Thursday, September 18, 2008

Woodcuts: Questioning an Evolving Style

This is one of the most recent woodcut projects currently under production in my studio. I have not yet titled it. I usually wait until the edition has been printed before I do that. This was a test print (also known as a state proof) of the first of two blocks. I thought I had finished carving this, but if you look between the two central feet you will find that the filigree texture had not yet been carved out. It will be soon.

This is yet another woodcut featuring feet. Feet were not a preconceived motif for this series, but they did show up often as the pieces progressed. I have been working on the series on and off for about seven years. I am revising two earlier prints and have this one and four others to cut and print before the series is finally complete. People often ask what the "hairy or furry" areas are. The plain and simple truth is that they are design shapes that add texture and movement to the compositions. I arrived at them organically and they then started to weave their way into my style. They don’t "represent" anything in particular, nor do they have any hidden meaning.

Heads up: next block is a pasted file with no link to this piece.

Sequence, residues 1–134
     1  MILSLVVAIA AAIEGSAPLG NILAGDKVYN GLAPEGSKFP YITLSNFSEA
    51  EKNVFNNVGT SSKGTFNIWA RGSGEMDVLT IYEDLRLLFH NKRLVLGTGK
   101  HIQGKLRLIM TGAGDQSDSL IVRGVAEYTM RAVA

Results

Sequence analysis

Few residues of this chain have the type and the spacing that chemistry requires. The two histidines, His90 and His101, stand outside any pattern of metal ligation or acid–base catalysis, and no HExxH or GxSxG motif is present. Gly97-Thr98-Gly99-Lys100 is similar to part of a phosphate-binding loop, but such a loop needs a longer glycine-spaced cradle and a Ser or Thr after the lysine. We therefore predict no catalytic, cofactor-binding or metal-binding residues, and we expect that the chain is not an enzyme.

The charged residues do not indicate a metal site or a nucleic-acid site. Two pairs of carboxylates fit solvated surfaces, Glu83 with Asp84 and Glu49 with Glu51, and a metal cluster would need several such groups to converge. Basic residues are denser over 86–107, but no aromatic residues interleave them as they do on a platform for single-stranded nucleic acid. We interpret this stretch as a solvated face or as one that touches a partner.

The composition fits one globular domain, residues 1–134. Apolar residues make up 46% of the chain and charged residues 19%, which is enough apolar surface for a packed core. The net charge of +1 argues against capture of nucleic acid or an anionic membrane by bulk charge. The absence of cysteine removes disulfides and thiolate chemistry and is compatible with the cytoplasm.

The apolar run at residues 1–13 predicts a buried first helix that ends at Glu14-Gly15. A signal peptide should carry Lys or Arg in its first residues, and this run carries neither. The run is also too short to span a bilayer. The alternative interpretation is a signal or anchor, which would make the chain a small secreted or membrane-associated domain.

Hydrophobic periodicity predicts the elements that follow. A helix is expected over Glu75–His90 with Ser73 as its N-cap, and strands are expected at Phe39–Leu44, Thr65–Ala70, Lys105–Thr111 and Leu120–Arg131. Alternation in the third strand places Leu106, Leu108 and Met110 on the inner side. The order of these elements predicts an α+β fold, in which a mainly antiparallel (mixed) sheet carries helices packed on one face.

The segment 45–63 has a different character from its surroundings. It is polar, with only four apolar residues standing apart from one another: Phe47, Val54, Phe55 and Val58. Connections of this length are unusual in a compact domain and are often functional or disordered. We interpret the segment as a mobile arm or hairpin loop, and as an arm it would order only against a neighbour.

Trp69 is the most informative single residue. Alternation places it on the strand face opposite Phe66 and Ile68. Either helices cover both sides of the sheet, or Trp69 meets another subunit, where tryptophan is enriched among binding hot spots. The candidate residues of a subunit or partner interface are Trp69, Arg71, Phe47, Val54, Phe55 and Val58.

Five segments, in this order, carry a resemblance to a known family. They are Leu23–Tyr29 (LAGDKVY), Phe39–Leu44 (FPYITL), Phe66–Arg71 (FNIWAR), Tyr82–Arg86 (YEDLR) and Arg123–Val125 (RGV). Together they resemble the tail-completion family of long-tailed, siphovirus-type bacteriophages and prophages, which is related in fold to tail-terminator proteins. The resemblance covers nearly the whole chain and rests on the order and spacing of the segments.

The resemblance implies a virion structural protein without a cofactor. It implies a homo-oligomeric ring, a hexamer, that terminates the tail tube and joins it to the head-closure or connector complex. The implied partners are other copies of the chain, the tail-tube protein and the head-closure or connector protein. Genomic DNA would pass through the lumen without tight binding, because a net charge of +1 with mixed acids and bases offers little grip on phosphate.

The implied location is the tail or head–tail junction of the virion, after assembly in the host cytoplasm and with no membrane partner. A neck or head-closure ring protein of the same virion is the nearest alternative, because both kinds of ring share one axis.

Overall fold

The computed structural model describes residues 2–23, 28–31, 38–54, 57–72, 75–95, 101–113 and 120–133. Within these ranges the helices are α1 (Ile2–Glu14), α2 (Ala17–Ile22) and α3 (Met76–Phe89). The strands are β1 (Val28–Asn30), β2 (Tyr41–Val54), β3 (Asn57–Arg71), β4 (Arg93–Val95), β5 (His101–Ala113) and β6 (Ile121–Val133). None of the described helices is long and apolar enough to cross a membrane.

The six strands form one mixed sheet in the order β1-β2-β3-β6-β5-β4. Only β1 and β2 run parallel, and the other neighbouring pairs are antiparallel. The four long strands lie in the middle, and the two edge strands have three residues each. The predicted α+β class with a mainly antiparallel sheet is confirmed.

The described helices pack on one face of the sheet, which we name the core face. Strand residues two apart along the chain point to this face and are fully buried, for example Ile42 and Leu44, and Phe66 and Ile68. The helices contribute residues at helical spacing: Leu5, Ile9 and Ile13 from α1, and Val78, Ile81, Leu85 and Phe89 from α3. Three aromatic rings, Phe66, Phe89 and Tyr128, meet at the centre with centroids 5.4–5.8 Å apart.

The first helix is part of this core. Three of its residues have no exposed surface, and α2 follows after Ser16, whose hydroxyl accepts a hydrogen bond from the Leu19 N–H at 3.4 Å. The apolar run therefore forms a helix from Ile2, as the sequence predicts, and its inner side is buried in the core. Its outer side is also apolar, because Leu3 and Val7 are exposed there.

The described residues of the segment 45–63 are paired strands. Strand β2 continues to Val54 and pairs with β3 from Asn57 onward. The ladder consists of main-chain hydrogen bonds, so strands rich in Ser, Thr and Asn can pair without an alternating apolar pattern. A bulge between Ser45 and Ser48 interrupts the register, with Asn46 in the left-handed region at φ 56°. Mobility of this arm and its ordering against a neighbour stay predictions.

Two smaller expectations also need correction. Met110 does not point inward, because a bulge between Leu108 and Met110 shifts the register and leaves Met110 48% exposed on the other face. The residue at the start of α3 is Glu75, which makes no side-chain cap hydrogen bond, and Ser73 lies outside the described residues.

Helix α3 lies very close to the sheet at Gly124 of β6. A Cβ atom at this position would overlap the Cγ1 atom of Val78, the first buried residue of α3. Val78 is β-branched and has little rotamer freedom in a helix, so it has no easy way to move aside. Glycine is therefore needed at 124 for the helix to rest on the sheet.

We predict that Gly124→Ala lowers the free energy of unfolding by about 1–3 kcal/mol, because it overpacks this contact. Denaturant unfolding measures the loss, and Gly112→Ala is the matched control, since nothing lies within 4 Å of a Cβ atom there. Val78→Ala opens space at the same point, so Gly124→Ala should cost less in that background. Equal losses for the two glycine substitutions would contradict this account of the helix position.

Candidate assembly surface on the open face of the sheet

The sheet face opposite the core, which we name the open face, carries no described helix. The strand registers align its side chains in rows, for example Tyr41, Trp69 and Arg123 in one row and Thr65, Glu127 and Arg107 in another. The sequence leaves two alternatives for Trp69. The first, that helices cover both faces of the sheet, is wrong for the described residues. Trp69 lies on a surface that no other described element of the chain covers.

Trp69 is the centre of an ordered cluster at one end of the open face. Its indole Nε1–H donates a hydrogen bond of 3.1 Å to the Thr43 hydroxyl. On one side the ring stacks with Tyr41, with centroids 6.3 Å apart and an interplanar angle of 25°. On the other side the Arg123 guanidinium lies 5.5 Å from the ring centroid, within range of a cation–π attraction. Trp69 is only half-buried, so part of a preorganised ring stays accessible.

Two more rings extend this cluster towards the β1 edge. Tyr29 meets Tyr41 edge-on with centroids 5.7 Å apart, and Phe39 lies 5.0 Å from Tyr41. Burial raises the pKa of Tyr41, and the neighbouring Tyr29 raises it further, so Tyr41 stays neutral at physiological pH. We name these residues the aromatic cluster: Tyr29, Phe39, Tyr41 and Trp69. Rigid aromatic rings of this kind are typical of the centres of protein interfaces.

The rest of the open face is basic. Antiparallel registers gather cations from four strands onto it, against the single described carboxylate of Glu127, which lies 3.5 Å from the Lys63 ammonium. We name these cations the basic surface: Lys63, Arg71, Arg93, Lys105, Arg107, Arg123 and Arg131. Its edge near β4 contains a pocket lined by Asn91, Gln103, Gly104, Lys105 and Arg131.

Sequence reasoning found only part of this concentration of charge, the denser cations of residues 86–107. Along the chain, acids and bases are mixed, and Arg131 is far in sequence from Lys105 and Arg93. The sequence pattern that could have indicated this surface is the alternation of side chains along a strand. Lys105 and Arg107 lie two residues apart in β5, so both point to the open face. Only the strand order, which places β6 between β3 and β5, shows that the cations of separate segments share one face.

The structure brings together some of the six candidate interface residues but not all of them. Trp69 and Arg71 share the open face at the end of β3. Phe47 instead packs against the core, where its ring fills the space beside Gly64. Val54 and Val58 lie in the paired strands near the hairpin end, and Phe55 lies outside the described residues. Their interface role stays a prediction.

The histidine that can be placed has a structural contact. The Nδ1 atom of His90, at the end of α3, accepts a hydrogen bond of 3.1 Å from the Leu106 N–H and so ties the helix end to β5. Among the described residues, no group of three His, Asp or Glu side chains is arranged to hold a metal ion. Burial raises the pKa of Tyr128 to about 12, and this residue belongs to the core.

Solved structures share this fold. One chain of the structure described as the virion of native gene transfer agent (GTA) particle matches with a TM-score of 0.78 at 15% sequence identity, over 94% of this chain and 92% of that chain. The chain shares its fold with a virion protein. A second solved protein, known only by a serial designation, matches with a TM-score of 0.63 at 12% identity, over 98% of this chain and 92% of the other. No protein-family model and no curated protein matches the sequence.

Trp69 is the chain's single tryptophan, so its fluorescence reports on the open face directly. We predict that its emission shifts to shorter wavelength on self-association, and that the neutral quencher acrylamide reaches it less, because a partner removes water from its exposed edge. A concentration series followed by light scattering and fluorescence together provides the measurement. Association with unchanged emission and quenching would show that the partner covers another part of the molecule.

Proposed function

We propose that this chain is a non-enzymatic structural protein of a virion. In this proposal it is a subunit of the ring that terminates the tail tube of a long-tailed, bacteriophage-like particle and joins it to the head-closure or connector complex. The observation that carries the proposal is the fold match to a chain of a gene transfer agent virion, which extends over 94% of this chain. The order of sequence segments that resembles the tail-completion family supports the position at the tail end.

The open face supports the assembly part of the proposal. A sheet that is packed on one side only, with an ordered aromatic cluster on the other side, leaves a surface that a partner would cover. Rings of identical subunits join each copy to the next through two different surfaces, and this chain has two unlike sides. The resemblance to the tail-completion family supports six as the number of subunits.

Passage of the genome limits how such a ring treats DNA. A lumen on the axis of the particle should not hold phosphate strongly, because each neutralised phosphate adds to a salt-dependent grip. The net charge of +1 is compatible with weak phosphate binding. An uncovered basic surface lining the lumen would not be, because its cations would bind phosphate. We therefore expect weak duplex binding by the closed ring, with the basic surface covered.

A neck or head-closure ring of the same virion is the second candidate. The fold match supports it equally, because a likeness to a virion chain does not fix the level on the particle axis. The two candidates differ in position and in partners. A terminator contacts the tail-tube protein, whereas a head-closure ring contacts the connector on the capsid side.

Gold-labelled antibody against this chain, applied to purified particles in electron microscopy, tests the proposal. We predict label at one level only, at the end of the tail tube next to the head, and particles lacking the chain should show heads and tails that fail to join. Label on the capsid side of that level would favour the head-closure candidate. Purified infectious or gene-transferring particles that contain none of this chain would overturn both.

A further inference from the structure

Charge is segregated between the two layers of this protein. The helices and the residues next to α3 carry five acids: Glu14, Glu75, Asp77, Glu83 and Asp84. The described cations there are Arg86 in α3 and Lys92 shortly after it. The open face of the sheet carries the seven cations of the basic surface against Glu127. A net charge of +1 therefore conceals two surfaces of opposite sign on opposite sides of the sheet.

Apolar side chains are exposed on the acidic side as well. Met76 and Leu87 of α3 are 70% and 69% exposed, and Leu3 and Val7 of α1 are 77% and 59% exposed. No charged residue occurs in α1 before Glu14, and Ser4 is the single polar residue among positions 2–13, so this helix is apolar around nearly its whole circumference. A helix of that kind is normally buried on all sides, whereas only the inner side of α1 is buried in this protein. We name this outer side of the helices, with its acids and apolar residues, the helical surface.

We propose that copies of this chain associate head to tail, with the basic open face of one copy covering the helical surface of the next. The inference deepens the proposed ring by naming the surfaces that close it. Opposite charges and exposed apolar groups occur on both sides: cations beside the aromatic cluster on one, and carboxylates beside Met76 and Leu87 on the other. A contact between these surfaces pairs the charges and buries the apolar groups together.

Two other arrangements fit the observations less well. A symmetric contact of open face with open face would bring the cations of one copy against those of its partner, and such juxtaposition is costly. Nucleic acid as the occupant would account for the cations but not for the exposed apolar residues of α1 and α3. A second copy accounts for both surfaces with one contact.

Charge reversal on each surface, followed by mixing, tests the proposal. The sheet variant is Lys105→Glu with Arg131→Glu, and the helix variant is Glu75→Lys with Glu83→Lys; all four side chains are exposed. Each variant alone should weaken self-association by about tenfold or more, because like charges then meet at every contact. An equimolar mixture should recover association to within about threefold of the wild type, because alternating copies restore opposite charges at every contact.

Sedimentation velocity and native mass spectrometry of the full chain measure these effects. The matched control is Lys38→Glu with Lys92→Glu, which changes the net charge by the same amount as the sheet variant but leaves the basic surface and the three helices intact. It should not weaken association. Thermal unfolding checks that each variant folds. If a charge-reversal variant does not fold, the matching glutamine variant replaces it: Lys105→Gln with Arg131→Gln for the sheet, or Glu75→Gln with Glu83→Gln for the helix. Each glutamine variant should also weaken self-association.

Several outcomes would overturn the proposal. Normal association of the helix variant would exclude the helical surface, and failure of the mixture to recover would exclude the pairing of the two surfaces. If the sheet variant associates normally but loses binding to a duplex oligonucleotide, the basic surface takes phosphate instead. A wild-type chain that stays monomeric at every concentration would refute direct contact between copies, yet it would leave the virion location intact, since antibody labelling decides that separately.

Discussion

Speaking of style… I’ve had several people tell me that the woodcuts remind them of work by Albrecht Durer. I can understand where they are coming from, but I would never put myself on that level. The reality is that I certainly look to Durer’s work for inspiration and design elements. He is, obviously, one the greatest masters of the woodcut print. There are also only so many ways that the medium can be used to create representational figurative images. So, there will inevitably be some similarities.

My woodcuts are easily recognizable as a particular style, but I am currently considering what will follow this series once it is complete. The importance of combining text and imagery has me questioning how concept will eventually impact technique in the woodcuts. My 2007 Christmas card print was the only relief print to date that combined image and text. It still looked like my typical style but with text lightly spread through the background. It would be nice to more fully integrate word and image, like I am doing with the current etching/intaglio series, but I may need to forfeit some of the recognizability of my current style. This ends up being a fairly common concern among professional artists. Do you keep churning out the work that people really connect with (and are more apt to buy) or do you take risks into some uncharted territory? Stay tuned to find out how I resolve that.

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